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Innovation: Optimizing Mission Assurance on a Smallsat Budget A VORAGO Technologies Focus
by Ross Bannatyne, Director of Marketing, VORAGO Technologies


Although cubesats are expected to be created and deployed relatively inexpensively, there are rising expectations about their reliability. 

New Cubesats are expected to operate for longer, in more extreme conditions and observe controlled decommissioning. These objectives are difficult to achieve using Commercial Off-The-Shelf (COTS) electronic components that were not designed to operate in a radiation environment. Conversely, specialist rad-hard components are expensive, often unaffordable for a cubesat, or smallsat, budget.

A New Approach to Radiation Hardening
HARDSIL® technology was developed to harden standard CMOS devices against the effects of radiation. Because no specialty wafer fab or equipment is required to harden CMOS-based ICs using HARDSIL, it is possible to create chips at a lower cost than up-screening COTS devices. This brings rad-hard performance capability into the budget envelope for cubesats.

When a high-energy radiation particle strikes silicon, it leaves in its wake a stream of electron-hole pairs that should ideally recombine quickly without the stray charge upsetting any nearby transistors. Unfortunately, there is an unfriendly byproduct of building CMOS devices that results in millions of parasitic bipolar transistors being embedded in the silicon just below the transistor active areas.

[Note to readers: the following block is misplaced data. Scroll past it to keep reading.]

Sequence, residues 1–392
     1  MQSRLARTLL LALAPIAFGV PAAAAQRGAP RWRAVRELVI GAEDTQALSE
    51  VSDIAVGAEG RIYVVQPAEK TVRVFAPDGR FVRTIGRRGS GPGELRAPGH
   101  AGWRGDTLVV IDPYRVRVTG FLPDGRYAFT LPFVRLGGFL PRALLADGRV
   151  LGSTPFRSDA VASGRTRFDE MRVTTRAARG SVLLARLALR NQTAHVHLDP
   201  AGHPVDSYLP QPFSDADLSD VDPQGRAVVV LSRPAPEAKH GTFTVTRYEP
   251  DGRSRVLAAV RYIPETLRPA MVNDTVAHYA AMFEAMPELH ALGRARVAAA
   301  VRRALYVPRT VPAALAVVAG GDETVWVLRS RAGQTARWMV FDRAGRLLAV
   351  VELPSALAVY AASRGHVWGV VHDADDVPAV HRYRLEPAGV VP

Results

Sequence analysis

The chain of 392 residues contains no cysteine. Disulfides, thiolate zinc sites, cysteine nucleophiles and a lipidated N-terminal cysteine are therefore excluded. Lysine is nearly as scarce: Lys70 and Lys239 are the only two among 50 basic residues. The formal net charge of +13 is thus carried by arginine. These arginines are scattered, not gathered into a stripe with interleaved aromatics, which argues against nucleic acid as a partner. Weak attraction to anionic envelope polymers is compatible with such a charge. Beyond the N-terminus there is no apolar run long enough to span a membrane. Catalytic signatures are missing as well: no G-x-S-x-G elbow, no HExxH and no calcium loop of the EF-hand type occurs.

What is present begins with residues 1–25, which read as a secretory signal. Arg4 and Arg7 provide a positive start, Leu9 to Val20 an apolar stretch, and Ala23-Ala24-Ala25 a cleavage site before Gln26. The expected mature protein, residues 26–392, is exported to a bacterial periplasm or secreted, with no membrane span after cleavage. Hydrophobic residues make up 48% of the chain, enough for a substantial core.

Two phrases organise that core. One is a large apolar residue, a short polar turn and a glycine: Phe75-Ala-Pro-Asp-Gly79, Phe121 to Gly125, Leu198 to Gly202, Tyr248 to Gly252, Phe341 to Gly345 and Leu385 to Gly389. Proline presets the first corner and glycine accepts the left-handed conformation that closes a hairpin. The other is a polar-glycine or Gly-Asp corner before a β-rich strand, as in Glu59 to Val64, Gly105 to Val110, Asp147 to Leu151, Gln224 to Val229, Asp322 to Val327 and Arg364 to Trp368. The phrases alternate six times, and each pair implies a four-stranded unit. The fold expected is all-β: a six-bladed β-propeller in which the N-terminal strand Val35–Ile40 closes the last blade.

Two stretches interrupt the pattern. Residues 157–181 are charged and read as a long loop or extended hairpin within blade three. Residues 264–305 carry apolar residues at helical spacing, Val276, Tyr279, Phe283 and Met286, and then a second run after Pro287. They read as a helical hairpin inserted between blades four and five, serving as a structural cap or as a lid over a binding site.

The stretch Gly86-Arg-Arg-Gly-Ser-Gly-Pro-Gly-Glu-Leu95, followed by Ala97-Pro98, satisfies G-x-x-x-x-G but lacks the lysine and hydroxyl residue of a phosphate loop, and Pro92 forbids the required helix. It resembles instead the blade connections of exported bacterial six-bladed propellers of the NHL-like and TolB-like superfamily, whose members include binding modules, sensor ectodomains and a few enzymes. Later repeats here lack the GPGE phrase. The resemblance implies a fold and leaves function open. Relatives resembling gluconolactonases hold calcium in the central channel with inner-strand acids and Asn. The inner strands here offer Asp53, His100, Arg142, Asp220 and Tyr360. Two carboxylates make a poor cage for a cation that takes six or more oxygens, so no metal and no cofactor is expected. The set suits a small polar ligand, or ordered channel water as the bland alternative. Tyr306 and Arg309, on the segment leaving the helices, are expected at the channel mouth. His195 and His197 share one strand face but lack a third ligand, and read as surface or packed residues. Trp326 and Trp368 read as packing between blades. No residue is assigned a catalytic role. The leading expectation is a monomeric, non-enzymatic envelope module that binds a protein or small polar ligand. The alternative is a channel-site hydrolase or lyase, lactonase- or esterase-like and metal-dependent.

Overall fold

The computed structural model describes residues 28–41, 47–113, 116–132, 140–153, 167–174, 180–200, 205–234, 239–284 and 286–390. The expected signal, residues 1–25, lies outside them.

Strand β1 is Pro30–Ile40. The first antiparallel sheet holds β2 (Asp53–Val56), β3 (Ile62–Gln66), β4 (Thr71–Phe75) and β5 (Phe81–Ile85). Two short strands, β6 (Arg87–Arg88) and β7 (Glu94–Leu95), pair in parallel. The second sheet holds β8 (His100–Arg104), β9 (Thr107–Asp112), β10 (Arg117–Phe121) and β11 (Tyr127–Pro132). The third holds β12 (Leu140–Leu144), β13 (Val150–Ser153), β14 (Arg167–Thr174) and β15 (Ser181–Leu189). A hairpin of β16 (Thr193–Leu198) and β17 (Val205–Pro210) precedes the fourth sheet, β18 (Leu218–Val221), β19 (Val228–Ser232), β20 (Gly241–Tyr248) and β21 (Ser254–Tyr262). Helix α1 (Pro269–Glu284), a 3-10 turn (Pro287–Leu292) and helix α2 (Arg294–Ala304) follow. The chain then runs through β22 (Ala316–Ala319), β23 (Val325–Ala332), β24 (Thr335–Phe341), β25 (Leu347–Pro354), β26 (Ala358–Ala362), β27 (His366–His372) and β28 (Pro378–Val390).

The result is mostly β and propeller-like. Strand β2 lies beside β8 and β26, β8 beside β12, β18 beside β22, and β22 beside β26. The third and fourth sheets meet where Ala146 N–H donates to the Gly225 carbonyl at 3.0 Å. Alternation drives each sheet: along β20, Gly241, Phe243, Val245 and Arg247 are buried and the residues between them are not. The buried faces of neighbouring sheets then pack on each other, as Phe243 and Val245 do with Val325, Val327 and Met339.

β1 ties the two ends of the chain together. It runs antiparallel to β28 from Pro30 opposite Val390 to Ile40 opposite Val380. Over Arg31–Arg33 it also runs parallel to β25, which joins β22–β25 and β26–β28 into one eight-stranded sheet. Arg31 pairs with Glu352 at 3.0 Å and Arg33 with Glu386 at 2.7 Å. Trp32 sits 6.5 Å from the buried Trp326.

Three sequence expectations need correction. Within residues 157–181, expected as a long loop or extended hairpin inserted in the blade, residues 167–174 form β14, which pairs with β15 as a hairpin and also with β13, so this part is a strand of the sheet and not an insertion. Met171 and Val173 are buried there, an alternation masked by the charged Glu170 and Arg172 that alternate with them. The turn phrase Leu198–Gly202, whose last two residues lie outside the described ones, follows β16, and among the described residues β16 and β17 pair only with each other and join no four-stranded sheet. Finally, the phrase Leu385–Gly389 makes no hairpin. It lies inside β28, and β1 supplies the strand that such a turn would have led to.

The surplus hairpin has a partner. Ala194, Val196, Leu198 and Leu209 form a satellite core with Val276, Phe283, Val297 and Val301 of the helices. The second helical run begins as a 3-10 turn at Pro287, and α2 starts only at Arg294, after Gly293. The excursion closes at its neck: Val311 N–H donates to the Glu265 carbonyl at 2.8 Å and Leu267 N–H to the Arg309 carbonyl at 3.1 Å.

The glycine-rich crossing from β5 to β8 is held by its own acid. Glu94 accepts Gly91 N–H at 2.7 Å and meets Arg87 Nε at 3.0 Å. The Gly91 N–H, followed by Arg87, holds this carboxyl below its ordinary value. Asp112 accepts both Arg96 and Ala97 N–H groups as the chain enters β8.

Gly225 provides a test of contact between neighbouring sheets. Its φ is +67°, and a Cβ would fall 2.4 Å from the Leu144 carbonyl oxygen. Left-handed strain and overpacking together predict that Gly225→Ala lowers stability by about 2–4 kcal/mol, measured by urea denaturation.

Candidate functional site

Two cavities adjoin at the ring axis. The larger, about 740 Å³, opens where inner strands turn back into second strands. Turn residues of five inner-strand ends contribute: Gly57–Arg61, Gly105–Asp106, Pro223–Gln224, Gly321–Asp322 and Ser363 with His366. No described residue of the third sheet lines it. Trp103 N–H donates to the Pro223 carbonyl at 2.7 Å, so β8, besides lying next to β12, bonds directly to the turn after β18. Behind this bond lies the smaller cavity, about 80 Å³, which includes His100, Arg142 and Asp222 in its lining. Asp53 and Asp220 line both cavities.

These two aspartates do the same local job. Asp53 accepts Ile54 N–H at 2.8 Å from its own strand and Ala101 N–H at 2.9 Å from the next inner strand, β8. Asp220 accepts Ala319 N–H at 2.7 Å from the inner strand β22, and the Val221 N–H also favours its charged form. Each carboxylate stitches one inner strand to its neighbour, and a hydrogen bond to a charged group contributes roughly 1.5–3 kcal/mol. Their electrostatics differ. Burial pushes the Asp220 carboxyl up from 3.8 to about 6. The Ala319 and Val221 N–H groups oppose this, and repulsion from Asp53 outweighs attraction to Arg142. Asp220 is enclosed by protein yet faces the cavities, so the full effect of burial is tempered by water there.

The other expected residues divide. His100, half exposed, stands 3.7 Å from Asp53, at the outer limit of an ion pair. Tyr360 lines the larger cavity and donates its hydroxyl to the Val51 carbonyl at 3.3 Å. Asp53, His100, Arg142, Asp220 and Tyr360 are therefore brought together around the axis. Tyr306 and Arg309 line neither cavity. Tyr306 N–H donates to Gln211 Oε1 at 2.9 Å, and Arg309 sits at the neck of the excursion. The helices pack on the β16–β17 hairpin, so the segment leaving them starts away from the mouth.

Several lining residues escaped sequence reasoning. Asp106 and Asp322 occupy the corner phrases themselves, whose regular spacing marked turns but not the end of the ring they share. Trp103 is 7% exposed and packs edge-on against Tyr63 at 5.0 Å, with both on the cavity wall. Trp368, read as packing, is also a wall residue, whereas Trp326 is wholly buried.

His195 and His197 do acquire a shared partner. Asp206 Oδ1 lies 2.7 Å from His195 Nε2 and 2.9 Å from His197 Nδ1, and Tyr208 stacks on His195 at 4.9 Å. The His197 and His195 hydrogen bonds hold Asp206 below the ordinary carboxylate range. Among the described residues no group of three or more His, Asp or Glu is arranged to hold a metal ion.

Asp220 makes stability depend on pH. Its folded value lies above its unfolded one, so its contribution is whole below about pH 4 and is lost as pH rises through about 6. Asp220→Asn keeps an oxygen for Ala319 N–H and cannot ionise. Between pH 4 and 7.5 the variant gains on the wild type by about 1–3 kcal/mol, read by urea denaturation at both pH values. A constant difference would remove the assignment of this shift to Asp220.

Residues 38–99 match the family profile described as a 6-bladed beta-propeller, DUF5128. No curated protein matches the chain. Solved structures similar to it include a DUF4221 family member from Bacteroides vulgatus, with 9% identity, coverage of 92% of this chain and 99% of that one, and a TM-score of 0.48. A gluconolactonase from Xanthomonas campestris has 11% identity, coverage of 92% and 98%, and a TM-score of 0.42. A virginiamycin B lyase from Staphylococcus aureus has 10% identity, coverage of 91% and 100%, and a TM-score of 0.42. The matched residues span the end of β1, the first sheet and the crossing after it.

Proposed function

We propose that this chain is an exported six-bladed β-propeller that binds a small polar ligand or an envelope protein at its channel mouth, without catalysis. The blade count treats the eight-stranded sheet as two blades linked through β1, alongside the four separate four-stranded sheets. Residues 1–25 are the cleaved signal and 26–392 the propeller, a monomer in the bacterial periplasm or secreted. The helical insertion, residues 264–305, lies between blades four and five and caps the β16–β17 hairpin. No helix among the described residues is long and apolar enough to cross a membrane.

These parasitic structures resemble thyristors and lay dormant unless they are triggered by an unwanted event such as a transient that results from a particle strike. Figure 1 illustrates a side view of a commercial CMOS structure. 

There is an NMOS transistor on the left, a PMOS transistor on the right and the circuit diagram of the parasitic bipolar thysistor structure is superimposed on the diagram. If stray charges from a particle strike cause the parasitic transistors to become forward biased, a short circuit will be created from VDD to VSS. This condition is known as latch-up and requires a reset to rectify — in some cases latch-up can destroy the device. 

One of the benefits of HARDSIL technology is to prevent radiation-induced latch-up. This is accomplished by modifying the standard CMOS processing flow in a few simple steps to implant a ‘Buried Guard Ring’ (BGR) in the substrate just below the active transistor areas. The BGR prevents the parasitic bipolar transistors from triggering by ensuring that stray charges cannot forward bias them. The HARDSIL® implant is shown in Figure 2. The BGR implant is located in the substrate below the CMOS devices. The layers of metal that make up the die can be seen above this area. 

Figure 1. A commercial twin well CMOS device with parasitic thyristor structure.

Products for Cubesats